Can you imagine having a successful business by doing something you’re passionate about? From his love for sneakers to making money and owning a business through sneakers consignment, Joamil Rodriguez, owner of LACED Boston, shares with Christine McKay how he got started and a bit of background on how everything went on, including some difficulties he faced along the way. He highlights the importance of partnership and building relationships that helped him grow his business to where it is today. Since the start of the pandemic, Joamil was able to expand to more locations and recently opened LACED in West Palm Beach, Florida. Get inspired to learn the ropes of going from a small business to a successful one with Joamil’s inspiring story.
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From Nike to Consignment: Capitalizing on the Sneaker Culture With Joamil Rodriguez
In this episode, we have Joamil Rodriguez. He has a great story. He is the Owner of Laced in Boston. They have six stores in this amazing collection of stores. They are consignment stores selling high-end sneakers and have expanded dramatically through COVID. He just opened a restaurant. He is going gangbusters and making waves in the Boston market. We are excited to have him here to talk about his growth. I’m also curious about the negotiation that happens around consignments because that is a real negotiation. Joamil, thank you for being here. Welcome. I’m glad to have you.You think you know what you want until you have it. Click To Tweet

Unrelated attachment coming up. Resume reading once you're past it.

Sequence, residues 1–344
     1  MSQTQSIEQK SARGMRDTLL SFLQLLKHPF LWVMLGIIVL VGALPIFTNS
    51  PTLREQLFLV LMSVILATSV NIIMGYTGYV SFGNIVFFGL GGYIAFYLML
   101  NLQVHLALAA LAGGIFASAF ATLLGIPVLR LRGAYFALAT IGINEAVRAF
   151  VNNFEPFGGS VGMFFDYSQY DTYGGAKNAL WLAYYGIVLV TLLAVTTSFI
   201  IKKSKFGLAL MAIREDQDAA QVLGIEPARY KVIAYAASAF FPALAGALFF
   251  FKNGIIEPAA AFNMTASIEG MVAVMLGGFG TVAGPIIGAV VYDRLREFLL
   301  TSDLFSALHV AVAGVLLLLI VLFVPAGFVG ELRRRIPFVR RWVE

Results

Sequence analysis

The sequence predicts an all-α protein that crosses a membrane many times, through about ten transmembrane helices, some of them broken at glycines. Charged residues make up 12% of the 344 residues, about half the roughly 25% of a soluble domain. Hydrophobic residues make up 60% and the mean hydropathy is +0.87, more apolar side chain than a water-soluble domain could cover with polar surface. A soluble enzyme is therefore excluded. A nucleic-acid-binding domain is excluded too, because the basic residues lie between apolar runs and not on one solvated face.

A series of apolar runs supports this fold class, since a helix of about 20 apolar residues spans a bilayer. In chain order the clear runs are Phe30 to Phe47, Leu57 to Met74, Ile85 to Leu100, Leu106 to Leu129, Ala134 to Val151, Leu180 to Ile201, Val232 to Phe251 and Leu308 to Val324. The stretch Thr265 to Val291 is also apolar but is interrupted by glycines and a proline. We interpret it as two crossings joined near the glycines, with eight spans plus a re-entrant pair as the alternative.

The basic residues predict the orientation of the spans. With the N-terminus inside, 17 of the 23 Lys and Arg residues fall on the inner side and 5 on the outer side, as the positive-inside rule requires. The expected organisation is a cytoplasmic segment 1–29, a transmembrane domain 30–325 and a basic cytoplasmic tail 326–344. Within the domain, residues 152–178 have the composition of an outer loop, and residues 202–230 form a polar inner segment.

Thank you for such a great intro.
It’s my pleasure. It’s an honor to have you here. Tell us about your journey. How did you come to be a sneaker mogul?
The quick and short answer to it is by mistake. I’ve always loved sneakers and had a passion for them. I and my older brothers collected sneakers, and it was part of our lifestyle. I never thought it could turn into a business. Sneaker collecting has become the new baseball cards or comic books. The only difference is you can wear them out. They become a status symbol and almost like a means to show off and maybe measure success to some degree. Some would say it’s a confidence boost. My passion and love for sneakers are what brought me here.
At what point did you decide to own your own store? How did you come to that first store?
I was doing real estate at the time. I had opened a skate and snowboard shop. That was my first initial business. It came from my passion for snowboarding and I wanted to be a snow bum. I wanted to open a snowboard shop near a skiing slope or somewhere I could get to snowboard as often as I could. After having taken a long break from doing it for many years, I went back strong. I was like, “I don’t know why I stopped.” I was doing real estate and doing pretty good at it. I made a few good commissions. I jokingly answered my cell phone one day and said, “Board Room Boston Snowboard Shop.“ My friend was like, “That’s such a cool name.” I was like,” Why don’t we open one?“
He agreed with me and I started looking for space. Surprisingly, I saw the space. It’s crazy how life is. The first space I thought I wanted and loved, I got denied because the management company had kicked me out of an apartment that they owned before. I was back at the drawing board and then I found an even better space. It turned out my real estate office had the listing. It was so easy. The second one was meant to be. It was downtown. It was in the Financial District. The name was Board Room Boston. I did this logo that looked very non–skate at all. You didn’t know what it was. It was called Board Room. It could have been this fancy boardroom meeting place. It was just 300 square feet of snowboards and skateboards. It was a real true play on words.